Brigus and the Labrador fishery : an anthropological and historical study

Lewis, Robert Munro (1988) Brigus and the Labrador fishery : an anthropological and historical study. Masters thesis, Memorial University of Newfoundland.

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    Available under License - The author retains copyright ownership and moral rights in this thesis. Neither the thesis nor substantial extracts from it may be printed or otherwise reproduced without the author's permission.
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The Labrador fishery carried out from Brigus, which was to a great extent, representative of the Conception Bay Labrador fishery as a whole, was both an extension and successor of the resident Newfoundland fishery. The resident fishery, in turn, was at first an extension and then a successor of the British migratory fishery at Newfoundland. The socio-economic relations of the Brigus Labrador fishery were, as its predecessors had been, essentially capitalist in nature and remained so through to, at least, the beginning of the Second World War. -- The British fishery at Newfoundland was initially a migratory fishery organized along capitalist lines. Under the conditions of the migratory fishery the economic relations which existed between capitalists and between capitalists and workers were governed by British maritime law, in particular the different applications of the concept of maritime lien. After 1610 the fishery at Newfoundland took on an increasingly settled character. In the seventeenth century the production of dried cod was increasingly carried out by inhabitants or planters and bye boat keepers, while the trade in fish at Newfoundland (i.e. export),.was conducted by Sack ships, fishing ships, traders from the American colonies of Britain, along with a growing population of resident merchants; the suppliers of the trade were merchants in England, fishing ships operating as migratory merchants, and resident merchants. By the first quarter of the eighteenth century the traditional ship fishery had virtually died out. -- Conception Bay and Brigus were the site of the earliest English settlement at Newfoundland and their pattern of settlement and growth are nearly synonymous with the English settlement at Newfoundland. The period from 1750 to 1870 was one marked by growth and prosperity for Newfoundland and Conception Bay. In this period the resident fishery came to dominate the fishery while the cod and seal fisheries were the central and predominant activities for virtually all of the island. For much of the period, in particular from 1750 to 1830, Conception Bay was the centre of the island's economic growth and in the early part of the nineteenth century it even surpassed St. John's in economic importance and population. The steady rise in population around Conception Bay, which continued past the mid-point of the nineteenth century, began in five years from 1750 to 1755. The initial resource base upon which this growth was based was the cod fishery on the French Shore latter to be supplanted by the migratory Labrador fishery. At the end of the eighteenth century a spring seal fishery developed around Conception Bay. The seal fishery complemented the Labrador fishery and by the end of the first quarter of the nineteenth century had risen to at least equal importance to the cod fishery. -- The growth in population involved a continuing shift from a migratory to year-round use of the island's resources by merchants and labourers and a general rise in the number, power, and importance of the planters. One cause of the growth in the resident fishery was an increase in the availability and a decrease in the price of supplies supplied from south-west of Ireland and, especially, from New England. These new sources of provisions, combined with famine and economic recession in Ireland, the prime source of labourers since the seventeenth century, made it easier for the planters to obtain labour and made Newfoundland a more attractive place for permanent settlement. The increasing number of resident labourers also allowed the planters to extend their fishery beyond that of the migratory fishers and to expand their activities into the spring seal fishery. The shift to residency was made easier because the difference between resident and migratory fisheries had always been one of different economic strategies within essentially capitalist relations of production and not an essential change in those relations. The legal framework regulating the relations of production in the fishery continued to be derived from maritime custom and law, virtually unchanged from those which had prevailed in the previous century. -- The three classes which dominated the resident Newfoundland fishery economy, at least during this period, were merchants, labourers, and planters. Most of those fishing were labourers, workers owning little more in the production process than their personal effects. The merchants were merchant capitalists involved primarily in trade in supplies and fish rather than being capitalists directly involved in producing dried cod. Planters, it is the argument of this thesis, are best classified as small capitalist. -- This fishery, commonly referred to as the planter fishery, was essentially capitalist has been accepted as being the dominant set of relations of production up through the first third of the nineteenth century. A number of authorities have argued, however, that the planter fishery disappeared from Newfoundland around the year 1840. It is the argument of this thesis that such was not the case and that the planters' fishery remained the dominant fishery, at least around Conception Bay, throughput the period until, at least, the Second World War. -- Brigus was involved in the Labrador and spring seal fishery from those fisheries beginnings and those fisheries were the economic bases for the growth in Brigus in the nineteenth century. The social and economic character of Brigus was that of a relatively prosperous community, dominated by a class of independent planters and with considerable competition among merchants. These characteristics were shared with a number of other communities of similar size around Conception Bay. The period from about 1820 to about 1860 was the height of Brigus's prosperity with the community being probably the most important sealing port in Conception Bay if not in all of Newfoundland. The period from 1880 to 1945 was marked by a decline in the population, economic activity, and prosperity of Brigus. The direct cause of this fall in population was the rapid collapse of the seal fishery in Brigus.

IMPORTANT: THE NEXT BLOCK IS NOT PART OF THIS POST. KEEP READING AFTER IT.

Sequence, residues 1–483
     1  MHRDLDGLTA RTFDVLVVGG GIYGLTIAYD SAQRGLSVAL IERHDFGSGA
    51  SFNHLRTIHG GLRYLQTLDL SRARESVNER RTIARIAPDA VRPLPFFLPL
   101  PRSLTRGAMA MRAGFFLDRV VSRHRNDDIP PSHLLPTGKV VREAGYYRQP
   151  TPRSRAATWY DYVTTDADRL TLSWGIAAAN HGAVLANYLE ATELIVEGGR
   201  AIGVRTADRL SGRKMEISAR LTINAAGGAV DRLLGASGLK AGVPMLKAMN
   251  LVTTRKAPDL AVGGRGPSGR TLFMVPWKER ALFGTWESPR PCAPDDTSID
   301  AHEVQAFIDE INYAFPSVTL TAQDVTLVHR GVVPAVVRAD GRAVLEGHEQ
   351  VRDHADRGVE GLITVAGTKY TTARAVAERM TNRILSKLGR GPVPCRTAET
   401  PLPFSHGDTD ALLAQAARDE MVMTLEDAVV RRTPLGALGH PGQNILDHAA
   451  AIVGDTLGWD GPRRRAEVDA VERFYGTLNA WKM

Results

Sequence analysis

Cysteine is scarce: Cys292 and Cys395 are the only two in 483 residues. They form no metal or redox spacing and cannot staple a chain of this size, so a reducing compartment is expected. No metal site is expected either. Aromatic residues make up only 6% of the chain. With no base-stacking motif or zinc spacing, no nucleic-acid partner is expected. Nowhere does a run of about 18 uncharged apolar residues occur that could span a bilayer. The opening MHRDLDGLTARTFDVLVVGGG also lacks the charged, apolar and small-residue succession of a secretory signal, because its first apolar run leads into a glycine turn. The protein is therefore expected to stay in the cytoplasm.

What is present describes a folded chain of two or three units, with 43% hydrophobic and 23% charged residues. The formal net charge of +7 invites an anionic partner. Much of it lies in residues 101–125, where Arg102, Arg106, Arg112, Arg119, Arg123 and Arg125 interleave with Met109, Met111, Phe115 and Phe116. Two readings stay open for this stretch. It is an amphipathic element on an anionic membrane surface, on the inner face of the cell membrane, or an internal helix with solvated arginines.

Item Type: Thesis (Masters)
Item ID: 7994
Additional Information: Bibliography: leaves 229-241.
Department(s): Humanities and Social Sciences, Faculty of > Anthropology
Date: 1988
Date Type: Submission
Geographic Location: Canada--Newfoundland and Labrador--Labrador; Canada--Newfoundland and Labrador--Avalon Peninsula--Conception Bay
Library of Congress Subject Heading: Fisheries--Newfoundland and Labrador--Conception Bay--History; Fisheries--Newfoundland and Labrador--Labrador--History; Brigus (N.L.)--History; Brigus (N.L.)--Social conditions